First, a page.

6) You’re always running late. Make a commitment that you’ll be five to even fifteen minutes early to every patient shift you start.
7) You never take a mental break. Taking mental breaks every once in a while, creates opportunities for learning and enjoying new things. To incorporate them into your daily life, set up rules for yourself.
8) Your phone has become an appendage. Never turning off your phone, or even worse, being unable to even put it down, leaves you open to constant interruptions. Be sure to give yourself some quiet time to think, to plan, to reflect in a place where there’s no phone and no one walking through the door, even if it’s just for 30 minutes a day.
9) You’re impossible to please. The practice manager is not working hard enough, the patients are not getting better fast enough, your income isn’t high enough. You don’t have enough resources, a strong-enough team, sufficient support from others. The solution to these seemingly external problems is to turn inward and change your mindset. One of my mantras, which I developed when I noticed this warning sign in myself, has become, “I have all I need.”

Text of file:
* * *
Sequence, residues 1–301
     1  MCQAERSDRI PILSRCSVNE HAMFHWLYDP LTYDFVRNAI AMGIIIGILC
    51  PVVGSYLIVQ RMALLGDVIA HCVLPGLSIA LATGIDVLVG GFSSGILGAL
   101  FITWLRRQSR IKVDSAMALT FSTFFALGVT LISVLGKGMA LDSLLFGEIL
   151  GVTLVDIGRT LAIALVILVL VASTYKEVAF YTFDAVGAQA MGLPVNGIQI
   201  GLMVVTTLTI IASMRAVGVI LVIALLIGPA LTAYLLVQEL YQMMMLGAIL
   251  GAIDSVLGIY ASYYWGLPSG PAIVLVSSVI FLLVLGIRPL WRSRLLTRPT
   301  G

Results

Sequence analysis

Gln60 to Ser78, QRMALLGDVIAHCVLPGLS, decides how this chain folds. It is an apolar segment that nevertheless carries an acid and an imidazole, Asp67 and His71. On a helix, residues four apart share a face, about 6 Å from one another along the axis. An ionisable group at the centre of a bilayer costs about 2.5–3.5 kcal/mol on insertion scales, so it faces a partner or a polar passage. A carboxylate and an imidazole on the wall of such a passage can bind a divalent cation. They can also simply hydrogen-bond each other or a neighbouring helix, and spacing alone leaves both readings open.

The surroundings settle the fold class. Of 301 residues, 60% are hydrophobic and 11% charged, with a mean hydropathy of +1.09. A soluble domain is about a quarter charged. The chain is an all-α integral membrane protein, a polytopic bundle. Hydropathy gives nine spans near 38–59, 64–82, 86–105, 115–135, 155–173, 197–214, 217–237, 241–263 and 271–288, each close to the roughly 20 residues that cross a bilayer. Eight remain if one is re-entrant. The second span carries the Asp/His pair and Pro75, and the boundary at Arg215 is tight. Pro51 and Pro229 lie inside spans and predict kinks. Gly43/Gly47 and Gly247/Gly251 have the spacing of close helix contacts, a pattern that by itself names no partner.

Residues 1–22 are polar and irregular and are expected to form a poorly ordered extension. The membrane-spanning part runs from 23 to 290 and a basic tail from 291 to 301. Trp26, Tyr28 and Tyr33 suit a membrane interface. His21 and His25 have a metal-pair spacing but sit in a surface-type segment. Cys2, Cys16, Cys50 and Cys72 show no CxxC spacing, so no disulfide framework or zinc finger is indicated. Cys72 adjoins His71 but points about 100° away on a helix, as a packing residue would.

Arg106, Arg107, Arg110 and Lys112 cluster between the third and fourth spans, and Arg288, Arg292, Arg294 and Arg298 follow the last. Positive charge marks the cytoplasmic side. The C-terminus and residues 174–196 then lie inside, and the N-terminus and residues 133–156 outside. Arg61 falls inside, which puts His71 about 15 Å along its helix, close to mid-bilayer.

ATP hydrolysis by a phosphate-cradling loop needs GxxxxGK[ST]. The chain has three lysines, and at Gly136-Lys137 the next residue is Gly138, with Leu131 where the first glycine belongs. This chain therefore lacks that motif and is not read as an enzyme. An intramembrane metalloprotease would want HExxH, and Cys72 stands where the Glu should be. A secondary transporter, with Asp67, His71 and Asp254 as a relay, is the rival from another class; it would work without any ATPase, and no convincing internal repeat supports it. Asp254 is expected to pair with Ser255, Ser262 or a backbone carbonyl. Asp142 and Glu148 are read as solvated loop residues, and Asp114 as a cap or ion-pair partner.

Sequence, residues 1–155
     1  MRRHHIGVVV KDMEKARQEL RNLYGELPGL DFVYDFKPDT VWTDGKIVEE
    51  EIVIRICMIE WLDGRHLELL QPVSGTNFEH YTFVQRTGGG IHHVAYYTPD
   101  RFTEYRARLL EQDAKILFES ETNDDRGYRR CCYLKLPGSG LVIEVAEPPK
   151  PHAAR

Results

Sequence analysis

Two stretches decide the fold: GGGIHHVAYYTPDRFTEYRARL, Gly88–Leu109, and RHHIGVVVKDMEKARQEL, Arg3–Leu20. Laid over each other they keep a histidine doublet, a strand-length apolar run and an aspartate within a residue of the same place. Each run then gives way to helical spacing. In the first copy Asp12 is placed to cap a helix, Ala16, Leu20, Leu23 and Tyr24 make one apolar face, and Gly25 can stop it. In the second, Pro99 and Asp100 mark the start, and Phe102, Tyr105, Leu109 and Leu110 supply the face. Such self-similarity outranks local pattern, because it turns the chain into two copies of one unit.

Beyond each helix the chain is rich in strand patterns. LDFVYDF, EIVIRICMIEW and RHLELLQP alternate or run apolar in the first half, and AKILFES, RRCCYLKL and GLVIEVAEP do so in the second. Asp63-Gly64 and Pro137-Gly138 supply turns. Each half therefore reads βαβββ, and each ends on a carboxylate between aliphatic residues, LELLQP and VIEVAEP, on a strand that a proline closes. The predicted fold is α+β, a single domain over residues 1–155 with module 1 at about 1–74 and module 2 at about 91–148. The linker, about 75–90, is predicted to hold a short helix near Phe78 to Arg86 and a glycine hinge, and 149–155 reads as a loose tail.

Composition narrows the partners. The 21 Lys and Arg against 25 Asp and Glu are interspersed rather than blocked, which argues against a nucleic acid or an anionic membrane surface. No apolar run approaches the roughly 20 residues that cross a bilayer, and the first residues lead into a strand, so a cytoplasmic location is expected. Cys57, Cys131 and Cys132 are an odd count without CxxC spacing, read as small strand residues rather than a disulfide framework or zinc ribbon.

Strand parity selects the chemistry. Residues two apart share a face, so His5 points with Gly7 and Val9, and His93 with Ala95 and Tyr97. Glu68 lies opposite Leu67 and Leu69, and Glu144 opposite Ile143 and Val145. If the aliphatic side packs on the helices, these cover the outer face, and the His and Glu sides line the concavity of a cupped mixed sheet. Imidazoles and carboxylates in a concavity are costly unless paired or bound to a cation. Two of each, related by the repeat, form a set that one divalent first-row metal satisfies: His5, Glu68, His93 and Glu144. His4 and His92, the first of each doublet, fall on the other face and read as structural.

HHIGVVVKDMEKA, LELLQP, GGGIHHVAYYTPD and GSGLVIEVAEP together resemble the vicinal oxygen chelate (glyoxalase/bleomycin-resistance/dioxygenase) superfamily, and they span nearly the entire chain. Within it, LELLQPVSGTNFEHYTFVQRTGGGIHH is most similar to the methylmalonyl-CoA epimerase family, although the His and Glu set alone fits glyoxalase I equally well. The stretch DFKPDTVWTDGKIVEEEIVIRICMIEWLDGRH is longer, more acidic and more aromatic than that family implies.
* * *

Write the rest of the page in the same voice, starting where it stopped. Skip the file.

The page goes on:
10) You live in the past or the future. You reminisce, telling stories of past glories. Or you await the future, unable to really start living until a certain goal is behind you. Both of these are signals that you’re living outside the present, a habit that only leads to more stress. Being present in the moment, enjoying the conversation, the meeting, the people and the challenges as they come up will reduce stress.
Over the years, I’ve learned that we can intentionally change our attitudes, habits and self-talk. It’s not a matter of avoiding stress altogether – in fact, some stress can help keep us on our toes. The trick is to monitor our time and attention, to get feedback and to re-calibrate our schedules based on what we learn.
Like a recovering alcoholic, I have to commit every day to smelling the roses. I’ve concluded that to do otherwise will create a form of success at the cost of failing in what matters most: Finding peace from a life well lived – a peace that won’t come from promotions, status, fame or fortune.